A Different Sort of Tennis Star

You’d think since being rated the top Junior player in the United States, tennis phenom Taylor Townsend would be best known for her prowess on the court.  However, aside from Townsend’s legendary on-court tennis battles, are plenty of battles of a different sort.  Two years ago, the United States Tennis Association (USTA) asked Taylor to sit out of the 2012 Open Junior Tournament due to concerns about her “conditioning”.   And by conditioning, they meant body shape.  And by body shape they meant how Townsend looked in a dress.  According to Tom Perotta of the Wall St. Journal:

Her coaches declined to pay her travel expenses to attend the Open and told her this summer that they wouldn’t finance any tournament appearances until she makes sufficient progress in one area: slimming down and getting into better shape.

“Our concern is her long-term health, number one, and her long-term development as a player,” said Patrick McEnroe, the general manager of the USTA’s player development program. “We have one goal in mind: For her to be playing in [Arthur Ashe Stadium] in the main draw and competing for major titles when it’s time. That’s how we make every decision, based on that.”

But it doesn’t just stop at funding. According to Perrotta, the USTA actually requested that Townsend skip the U.S. Open, denying both her petitions for wild cards into either the U.S. Open main draw or the qualifying tournament. In the end, Townsend’s family decided to pay out of their own pockets for Taylor to compete in the U.S. Open Junior Tournament.  She was ultimately defeated in the quarterfinals by Anett Kontaveit of Estonia.

It’s clear that Taylor knows on which side her baguette is buttered.  In 2012 Townsend said:  “I’ve gotten a lot of great opportunities, great fitness, great coaching,” she said. “I’m doing everything that they ask me to do and being professional about everything.”

Nevertheless, Townsend has to be feeling more than a little gratified over Tuesday’s French Open results.  The match had some moments that seemed straight out of a movie script.  In the first set of her first match, Taylor got behind 1-5.  She then won12 of the following 13 games to win over her U.S. opponent Vania King 7-5, 6-1. Today (Wednesday, May 28) Townsend (ranked 205th) is scheduled to battle top-ranked Frenchwoman Alize Cornet (ranked 21st) at the 10,000-seat Suzanne Lenglen Court. So surely at this point we’re focusing on her playing prowess, right?  Right?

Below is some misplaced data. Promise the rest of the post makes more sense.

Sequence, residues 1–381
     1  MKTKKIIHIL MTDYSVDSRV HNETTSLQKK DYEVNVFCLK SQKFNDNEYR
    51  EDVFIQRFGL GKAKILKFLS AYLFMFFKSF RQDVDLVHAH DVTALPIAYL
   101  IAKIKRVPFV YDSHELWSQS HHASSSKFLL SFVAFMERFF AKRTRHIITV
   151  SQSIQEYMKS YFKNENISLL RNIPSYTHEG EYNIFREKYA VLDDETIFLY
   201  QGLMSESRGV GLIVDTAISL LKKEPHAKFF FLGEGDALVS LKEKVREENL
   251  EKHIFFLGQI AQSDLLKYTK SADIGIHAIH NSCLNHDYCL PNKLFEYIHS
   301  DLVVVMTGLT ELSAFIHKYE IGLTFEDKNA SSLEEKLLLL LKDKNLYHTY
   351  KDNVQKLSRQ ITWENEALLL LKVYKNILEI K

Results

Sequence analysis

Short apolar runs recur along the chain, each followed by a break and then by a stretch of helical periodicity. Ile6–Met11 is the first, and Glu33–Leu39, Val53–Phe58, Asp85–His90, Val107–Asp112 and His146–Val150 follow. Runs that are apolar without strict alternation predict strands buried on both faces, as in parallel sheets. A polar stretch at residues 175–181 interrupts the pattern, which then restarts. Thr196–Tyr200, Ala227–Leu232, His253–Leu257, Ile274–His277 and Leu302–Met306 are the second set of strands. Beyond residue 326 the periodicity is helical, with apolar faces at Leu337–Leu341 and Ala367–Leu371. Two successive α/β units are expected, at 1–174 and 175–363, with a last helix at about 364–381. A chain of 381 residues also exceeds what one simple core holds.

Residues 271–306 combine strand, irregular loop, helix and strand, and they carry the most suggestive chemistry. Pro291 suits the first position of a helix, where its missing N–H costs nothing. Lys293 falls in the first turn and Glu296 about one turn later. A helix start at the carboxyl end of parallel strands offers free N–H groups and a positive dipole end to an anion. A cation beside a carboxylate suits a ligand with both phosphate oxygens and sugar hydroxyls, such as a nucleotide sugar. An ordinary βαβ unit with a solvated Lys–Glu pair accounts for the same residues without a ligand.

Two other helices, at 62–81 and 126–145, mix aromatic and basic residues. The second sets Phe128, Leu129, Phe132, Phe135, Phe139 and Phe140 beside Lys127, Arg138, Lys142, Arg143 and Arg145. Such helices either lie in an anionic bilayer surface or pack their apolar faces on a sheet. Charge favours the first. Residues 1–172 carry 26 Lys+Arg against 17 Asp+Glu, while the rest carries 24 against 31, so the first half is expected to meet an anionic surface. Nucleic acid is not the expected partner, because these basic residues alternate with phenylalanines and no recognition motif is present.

Well, today’s New York Times article on Townsend is titled “Questioned About Body, Townsend Rises and Inspires”.  Now the article goes on to say that Taylor is playing amazing tennis, and that Wednesday’s matchup promises to be very exciting.  The article contains quotes from Taylor’s new coach (Zina Garrison) talking about how Townsend is “fine”, and how she doesn’t wish her young tennis protege to suffer over criticism or worry about her weight.  So I’ll offer some slight props to the Times for inserting some body positivity into the article.  But let’s not forget that the first three words of the headline are not “Powerful Tennis Star” or “Young Tennis Phenom”.  The first three words of this headline are “Questioned About Body”.

I guess it’s not surprising.  As I’ve reported before, even winning Wimbledon does not protect you from the need to be attractive to men.  The top title in tennis does not forgive you for being less than supermodel gorgeous.

I hope that Taylor kicks some serious butt on the court tomorrow.  I hope she plays really well and ultimately triumphs.  I have to admit that I don’t hold out a lot of hope however, that Taylor Townsend will ever win victory over a public that is most interested in how she looks in her little tennis skirt.

Le sigh.

Love,

Jeanette (AKA The Fat Chick)

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3 thoughts on “A Different Sort of Tennis Star

  1. Oxymoronictonic

    ‘Concerned about her long term health.’
    Yeah, because she must be really unhealthy if she can keep up, and indeed succeed in professional tennis. I’ll start worrying about her long term health if she starts dieting!

    Reply
  2. lusciouswords

    I’ll be rooting for her. Kudos to her new coach for focusing on her abilities. Now if the pro associations and the news outlets will focus on her abilities, then we’ll be in business. I’m wishing in one hand and spitting in the other…do we know which one will fill up quicker? *le sigh*

    Reply

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